Old Egypt

The music of ancient Egypt is documented in hieroglyphic inscriptions , grave decorations and musical instruments as grave goods. The pre-dynastic period produced rattles, rattles, mouthpiece-less flutes and simple trumpets. The music was still devoted to cult, the magic dance was mask or weapon dance.

Egyptian bow harp of the Old Kingdom. The tailpiece is still shaped like a large musical bow, the seven strings run into a sound post on the resonator below. This makes it possible to retune the instrument. Depiction after a burial chamber painting

The Old Kingdom , which was founded around 2700 BC. Began, expanded the range of instruments to include the bow harp, which in its elongated form was still clearly reminiscent of the musical bow and only had a small resonance body. During this time secular music, which was played at festivals, emancipated itself. In addition to vocal and mixed ensembles, there was for the first time pure instrumental music in different formations. Women of the higher social classes were also able to dance and make music on harp and flute. Reliefs in the burial chambers suggest polyphonic music, similar to the Assyrian wind instruments, the finger holes indicate five- and seven-step scales. The first culture the Old Kingdom in addition to a rudimentary existing developed notation the Chironomie : a conductor equal to the Director gave an ensemble tone steps and rhythm through well-defined hand gestures and arm positions.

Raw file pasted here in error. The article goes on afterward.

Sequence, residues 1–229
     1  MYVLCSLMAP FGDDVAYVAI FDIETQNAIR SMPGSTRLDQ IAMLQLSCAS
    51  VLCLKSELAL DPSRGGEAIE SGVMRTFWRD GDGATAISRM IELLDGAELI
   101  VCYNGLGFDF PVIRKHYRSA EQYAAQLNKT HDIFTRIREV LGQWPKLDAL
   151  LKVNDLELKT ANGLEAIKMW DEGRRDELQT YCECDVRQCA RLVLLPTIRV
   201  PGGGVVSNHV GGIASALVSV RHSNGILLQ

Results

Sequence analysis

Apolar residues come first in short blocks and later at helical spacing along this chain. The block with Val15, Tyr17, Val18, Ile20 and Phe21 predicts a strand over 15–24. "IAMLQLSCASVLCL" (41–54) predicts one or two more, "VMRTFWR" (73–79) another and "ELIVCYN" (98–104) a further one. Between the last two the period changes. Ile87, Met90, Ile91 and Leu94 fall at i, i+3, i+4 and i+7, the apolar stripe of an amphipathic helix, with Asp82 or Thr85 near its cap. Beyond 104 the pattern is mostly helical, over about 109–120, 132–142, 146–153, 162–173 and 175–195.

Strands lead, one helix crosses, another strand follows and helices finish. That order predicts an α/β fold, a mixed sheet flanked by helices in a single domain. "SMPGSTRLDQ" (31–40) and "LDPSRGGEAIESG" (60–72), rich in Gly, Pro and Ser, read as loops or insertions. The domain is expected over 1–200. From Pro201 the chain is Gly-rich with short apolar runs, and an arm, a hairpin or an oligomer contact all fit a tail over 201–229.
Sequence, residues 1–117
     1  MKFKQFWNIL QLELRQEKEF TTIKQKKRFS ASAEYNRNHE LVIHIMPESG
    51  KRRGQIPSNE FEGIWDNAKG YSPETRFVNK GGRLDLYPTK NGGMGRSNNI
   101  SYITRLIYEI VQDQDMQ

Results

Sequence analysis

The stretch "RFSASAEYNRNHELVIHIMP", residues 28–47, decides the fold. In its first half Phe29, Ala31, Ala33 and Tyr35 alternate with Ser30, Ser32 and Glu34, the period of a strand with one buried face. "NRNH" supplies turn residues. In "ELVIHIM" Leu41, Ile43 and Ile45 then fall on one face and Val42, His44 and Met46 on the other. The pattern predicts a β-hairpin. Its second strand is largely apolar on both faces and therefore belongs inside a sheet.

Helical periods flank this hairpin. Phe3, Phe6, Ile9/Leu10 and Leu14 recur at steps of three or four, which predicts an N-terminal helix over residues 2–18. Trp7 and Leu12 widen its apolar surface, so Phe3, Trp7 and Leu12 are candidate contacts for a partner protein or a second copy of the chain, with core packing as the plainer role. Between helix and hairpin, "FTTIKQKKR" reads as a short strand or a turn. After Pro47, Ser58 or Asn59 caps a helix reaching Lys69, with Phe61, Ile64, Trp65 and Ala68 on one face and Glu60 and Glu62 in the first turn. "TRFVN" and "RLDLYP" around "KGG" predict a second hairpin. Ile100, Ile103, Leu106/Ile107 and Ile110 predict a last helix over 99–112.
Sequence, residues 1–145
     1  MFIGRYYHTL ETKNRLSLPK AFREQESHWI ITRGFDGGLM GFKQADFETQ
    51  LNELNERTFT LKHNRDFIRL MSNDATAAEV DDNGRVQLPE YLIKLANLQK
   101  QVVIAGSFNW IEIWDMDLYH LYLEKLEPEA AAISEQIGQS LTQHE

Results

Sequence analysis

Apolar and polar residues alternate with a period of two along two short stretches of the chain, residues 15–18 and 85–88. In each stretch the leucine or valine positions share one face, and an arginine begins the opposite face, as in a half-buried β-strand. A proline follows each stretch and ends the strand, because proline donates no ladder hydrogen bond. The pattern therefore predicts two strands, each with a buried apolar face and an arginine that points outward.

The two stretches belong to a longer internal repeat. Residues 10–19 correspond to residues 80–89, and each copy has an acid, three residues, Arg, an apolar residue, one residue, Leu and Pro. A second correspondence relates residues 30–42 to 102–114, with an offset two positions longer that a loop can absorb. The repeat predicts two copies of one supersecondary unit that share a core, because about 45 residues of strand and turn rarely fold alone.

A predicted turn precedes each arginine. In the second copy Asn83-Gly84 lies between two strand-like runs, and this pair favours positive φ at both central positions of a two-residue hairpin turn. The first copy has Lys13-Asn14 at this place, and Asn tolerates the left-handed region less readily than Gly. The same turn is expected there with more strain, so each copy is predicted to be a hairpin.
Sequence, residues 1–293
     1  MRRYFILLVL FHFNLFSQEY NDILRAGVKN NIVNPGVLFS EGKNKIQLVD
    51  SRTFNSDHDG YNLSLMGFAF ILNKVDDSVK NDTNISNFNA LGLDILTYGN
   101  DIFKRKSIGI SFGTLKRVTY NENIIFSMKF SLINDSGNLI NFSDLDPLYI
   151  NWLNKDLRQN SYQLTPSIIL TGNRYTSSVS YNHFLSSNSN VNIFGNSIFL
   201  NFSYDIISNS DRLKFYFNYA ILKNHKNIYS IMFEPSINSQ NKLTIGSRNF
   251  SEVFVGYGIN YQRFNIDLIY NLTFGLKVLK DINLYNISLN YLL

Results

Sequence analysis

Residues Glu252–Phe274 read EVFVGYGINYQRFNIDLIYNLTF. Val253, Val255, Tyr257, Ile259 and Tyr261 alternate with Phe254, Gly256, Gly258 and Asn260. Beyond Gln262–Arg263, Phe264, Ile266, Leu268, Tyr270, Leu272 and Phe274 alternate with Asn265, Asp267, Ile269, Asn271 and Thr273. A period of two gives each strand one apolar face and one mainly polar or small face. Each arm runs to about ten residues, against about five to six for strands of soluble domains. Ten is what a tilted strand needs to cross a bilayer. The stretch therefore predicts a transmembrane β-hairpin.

After the end of the Middle Kingdom , in the Second Intermediate Period , Egypt took up suggestions from the Near Eastern Hyksos . They introduced from the Bedouin culture originating lyre one that Sistrum in the form that still present a cult instrument of the Coptic Church is, after all, double skin drums. The latter accompanied the wild jumping dances that the Hyksos brought with them from the east; they replaced the measured step and figure dances of the Old Kingdom.